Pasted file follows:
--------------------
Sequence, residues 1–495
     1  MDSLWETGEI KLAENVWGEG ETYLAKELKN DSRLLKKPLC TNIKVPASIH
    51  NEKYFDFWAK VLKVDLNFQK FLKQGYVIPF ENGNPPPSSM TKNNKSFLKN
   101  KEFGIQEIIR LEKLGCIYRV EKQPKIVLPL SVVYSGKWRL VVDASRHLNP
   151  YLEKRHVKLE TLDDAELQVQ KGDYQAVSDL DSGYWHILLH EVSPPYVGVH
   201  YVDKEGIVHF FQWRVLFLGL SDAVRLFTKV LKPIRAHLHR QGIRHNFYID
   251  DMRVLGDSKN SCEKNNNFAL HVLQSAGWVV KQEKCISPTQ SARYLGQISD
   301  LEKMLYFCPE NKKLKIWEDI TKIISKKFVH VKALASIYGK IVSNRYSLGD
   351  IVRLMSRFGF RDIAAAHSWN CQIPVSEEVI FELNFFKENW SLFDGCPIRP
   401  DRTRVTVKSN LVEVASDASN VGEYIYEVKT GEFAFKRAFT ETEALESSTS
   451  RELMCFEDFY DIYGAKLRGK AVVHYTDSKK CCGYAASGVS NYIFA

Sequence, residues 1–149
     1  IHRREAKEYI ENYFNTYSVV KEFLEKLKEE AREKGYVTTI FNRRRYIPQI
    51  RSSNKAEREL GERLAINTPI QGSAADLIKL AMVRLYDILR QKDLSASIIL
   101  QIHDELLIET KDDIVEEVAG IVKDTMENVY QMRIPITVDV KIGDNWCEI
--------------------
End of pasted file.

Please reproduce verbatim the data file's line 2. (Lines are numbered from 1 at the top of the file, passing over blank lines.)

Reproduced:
     1  MDSLWETGEI KLAENVWGEG ETYLAKELKN DSRLLKKPLC TNIKVPASIH